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How to Trim and Cut Videos using FFmpeg in Linux - Make Tech Easier

A photograph of a desktop running a video editing program.

FFmpeg is a powerful command-line multimedia editor for Linux. It allows you to record and manipulate audio, create screencasts, and even edit and encode high-bitrate video files. Here we show you how to quickly trim and do basic cuts to your video files with FFmpeg.

Tip: learn more about video codecs and bitrate by optimizing your video file size using FFmpeg.

Trimming the Start and End of a Video File

One of the most powerful features of FFmpeg is its ability to trim segments from audio and video files quickly. This allows you to remove any unnecessary parts from your video and even automate it with shell scripts.

Before you start trimming, ensure that you have a backup of your original video file. This is because, unlike graphical editors, FFmpeg doesn’t provide any undo feature for any of its functions:

cp ~/my-video.mp4 ~/my-video-backup.mp4

To trim the first 30 seconds of a 5 minute video file, run the following command:

ffmpeg -ss 00:00:30 -to 00:05:00 -i my-video.mp4 -c copy my-video-trim.mp4

You can also translate this syntax to trim at the end instead of the start of your video file. Using the same video file, running the following will remove the last 30 seconds instead:

ffmpeg -ss 00:00:00 -to 00:04:30 -i my-video.mp4 -c copy my-video-trim.mp4

Aside from that, this syntax also supports trimming on both ends of the video. For example, removing the first and last 30 seconds of a 5 minute video will look something like this:

ffmpeg -ss 00:00:30 -to 00:04:30 -i my-video.mp4 -c copy my-video-trim.mp4

Once done, check whether FFmpeg properly trimmed your video by comparing it to your original file.

A screenshot of the VLC media player showing a comparison between the original video and its trimmed copy.

Tip: here is a list of the most useful FFmpeg commands for you to manage your video.

Cutting a Short Segment Inside a Video File

FFmpeg can also selectively cut segments inside a video file. On graphical editors, doing this usually requires you to create two separate cuts and manually join them in the video timeline.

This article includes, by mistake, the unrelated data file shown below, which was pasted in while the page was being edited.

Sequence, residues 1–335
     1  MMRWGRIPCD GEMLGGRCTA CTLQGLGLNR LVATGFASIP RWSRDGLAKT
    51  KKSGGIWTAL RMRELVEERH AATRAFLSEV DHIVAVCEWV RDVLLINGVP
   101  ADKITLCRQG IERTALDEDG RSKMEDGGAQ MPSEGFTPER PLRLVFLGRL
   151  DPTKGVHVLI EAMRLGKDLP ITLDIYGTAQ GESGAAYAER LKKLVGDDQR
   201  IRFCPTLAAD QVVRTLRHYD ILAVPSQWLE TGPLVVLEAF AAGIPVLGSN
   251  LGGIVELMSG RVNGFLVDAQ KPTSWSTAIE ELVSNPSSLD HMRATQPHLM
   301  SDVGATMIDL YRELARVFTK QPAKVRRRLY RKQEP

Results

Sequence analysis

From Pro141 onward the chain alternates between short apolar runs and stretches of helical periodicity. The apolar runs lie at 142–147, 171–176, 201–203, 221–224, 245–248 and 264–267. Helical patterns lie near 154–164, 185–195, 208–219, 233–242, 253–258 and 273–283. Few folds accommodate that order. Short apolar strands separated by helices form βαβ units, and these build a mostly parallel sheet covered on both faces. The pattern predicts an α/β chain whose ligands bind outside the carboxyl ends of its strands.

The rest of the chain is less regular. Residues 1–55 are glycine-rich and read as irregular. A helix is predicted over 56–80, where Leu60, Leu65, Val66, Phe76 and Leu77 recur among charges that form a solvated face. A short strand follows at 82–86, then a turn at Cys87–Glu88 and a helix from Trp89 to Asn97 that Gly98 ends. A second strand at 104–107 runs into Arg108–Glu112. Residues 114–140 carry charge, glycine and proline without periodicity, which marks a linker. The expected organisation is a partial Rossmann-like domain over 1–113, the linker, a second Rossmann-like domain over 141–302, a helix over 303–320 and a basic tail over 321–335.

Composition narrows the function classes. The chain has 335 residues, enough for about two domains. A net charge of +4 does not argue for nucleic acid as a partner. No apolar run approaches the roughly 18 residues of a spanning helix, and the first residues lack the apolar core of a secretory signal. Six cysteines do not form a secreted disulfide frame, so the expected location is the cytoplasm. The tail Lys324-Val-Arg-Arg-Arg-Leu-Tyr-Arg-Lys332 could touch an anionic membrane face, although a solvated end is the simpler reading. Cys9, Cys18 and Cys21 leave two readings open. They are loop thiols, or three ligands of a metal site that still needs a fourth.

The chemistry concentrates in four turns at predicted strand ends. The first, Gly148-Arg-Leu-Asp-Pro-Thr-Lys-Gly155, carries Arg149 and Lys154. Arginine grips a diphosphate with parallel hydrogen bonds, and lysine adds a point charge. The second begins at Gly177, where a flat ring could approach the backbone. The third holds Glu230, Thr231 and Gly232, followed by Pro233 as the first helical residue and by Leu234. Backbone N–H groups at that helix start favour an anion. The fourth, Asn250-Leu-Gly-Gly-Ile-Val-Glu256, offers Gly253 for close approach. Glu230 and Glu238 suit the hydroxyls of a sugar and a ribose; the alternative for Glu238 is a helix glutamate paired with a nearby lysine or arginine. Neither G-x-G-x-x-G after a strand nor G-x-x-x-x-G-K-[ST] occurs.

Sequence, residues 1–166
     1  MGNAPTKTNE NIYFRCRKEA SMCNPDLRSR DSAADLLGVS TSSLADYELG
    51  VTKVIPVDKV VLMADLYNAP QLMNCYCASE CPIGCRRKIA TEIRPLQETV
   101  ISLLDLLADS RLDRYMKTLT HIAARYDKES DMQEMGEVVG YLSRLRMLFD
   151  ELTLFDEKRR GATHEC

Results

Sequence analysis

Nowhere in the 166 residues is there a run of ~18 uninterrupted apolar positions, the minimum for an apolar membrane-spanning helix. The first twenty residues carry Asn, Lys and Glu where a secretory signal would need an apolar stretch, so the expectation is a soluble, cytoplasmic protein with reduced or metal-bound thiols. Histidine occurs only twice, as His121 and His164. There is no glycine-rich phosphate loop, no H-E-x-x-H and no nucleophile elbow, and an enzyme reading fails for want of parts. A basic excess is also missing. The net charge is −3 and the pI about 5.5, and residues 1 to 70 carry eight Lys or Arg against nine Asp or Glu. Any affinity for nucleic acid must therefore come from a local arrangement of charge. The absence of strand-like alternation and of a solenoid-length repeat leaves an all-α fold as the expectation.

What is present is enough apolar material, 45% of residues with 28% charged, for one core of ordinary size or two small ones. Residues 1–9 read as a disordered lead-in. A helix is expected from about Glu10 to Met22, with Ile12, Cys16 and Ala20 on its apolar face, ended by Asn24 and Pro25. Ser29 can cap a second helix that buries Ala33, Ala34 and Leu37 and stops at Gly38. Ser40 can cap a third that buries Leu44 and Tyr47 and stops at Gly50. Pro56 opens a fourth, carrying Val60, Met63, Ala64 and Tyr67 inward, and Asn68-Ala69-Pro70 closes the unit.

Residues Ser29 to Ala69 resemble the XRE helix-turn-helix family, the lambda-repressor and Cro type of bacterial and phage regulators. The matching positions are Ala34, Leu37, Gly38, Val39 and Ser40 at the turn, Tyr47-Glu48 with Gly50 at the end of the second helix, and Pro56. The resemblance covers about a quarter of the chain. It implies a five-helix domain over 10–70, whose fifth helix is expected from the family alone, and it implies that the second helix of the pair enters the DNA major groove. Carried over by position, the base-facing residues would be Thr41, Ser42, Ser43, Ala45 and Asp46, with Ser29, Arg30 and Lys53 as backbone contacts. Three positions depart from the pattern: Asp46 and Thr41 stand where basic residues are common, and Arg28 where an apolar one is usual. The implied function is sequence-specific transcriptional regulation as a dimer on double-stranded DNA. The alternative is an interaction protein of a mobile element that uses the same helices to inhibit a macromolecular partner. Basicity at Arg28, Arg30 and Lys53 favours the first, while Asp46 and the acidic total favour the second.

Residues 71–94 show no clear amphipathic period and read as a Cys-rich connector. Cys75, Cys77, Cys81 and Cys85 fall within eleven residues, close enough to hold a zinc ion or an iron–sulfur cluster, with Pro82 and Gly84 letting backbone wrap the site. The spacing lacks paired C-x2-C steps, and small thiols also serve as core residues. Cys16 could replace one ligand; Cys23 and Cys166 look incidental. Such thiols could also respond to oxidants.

A screenshot of the Kdenlive timeline showing a two-way cut.

Start by creating a backup of your original video file:

cp ~/my-video.mp4 ~/my-video-backup.mp4

Open your video on a media player and determine the exact timestamps for your cut points. In my case, I want to create a video file using only the footage from 2:30 to 4:00 and 7:45 to 8:30 of the original.

Convert your timestamps from minutes to seconds:

echo "00:02:30" | awk -F: '{ print ($1 * 3600) + ($2 * 60) + $3 }'

Navigate to the directory of your video file, then paste the following command:

ffmpeg -i my-video.mp4 \
-vf "select='between(t,FIRST-START-VALUE,FIRST-END-VALUE)+between(t,SECOND-START-VALUE,SECOND-END-VALUE)', setpts=N/FRAME_RATE/TB" \
-af "aselect='between(t,FIRST-START-VALUE,FIRST-END-VALUE)+between(t,SECOND-START-VALUE,SECOND-END-VALUE)', asetpts=N/SR/TB" \
my-video-cut.mp4

Replace the “FIRST-START-VALUE” and “FIRST-END-VALUE” for both -vf and -af flags with the value for your first cut. In my video, my first cut starts at 150 seconds and ends at 240.

A terminal highlighting the modified first cut time for the FFmpeg command.

Replace the “SECOND-START-VALUE” and “SECOND-END-VALUE” with the value for your second cut, then press Enter to run your command.

A terminal highlighting the modified second cut time for the FFmpeg command.

Note: You can add additional cuts by copying the “+between()” function on both -vf and -af flags along with a comma-separated list of your new cut times.

Confirm that your new video is properly cut by comparing it to your original file.

A screenshot of the VLC media player showing the difference between the original video and the cut one.

Good to know: FFmpeg can also deal with music. Learn how you can adjust and normalize your music files with FFmpeg.

Cutting a Video File into Uniform Segments

Aside from cutting and joining clips, you can also use FFmpeg to cut and trim an entire video into short segments. This can be useful if you have a long video that you split into smaller clips.

To start, open a terminal session then navigate to the directory of your long video.

Copy the following line of code to your terminal prompt:

ffmpeg -i my-video.mp4 -c copy -map 0 -segment_time 00:10:00 -f segment -reset_timestamps 1 my-video-%03d.mp4

Replace the value for “segment_time” with your target clip length. For instance, you can set this value to “00:05:00” to split your long video into 5 minute segments.

A screenshot of the VLC media player showing the uniform cuts on a single video file.

Note: This command will attempt to split your video file based on the closest keyframe to your target segment time. As such, this command may not always result in perfectly uniform segments.

Learning how to do basic video manipulation in FFmpeg is just one of the cool things that you can do in Linux. Explore more of this operating system’s diverse ecosystem by looking at some of the best software for Linux.

Image credit: Sanjeev Nagaraj via Unsplash and Wikimedia Commons. All alterations and screenshots by Ramces Red.

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Ramces Red

Ramces is a technology writer that lived with computers all his life. A prolific reader and a student of Anthropology, he is an eccentric character that writes articles about Linux and anything *nix.

Source: maketecheasier.com

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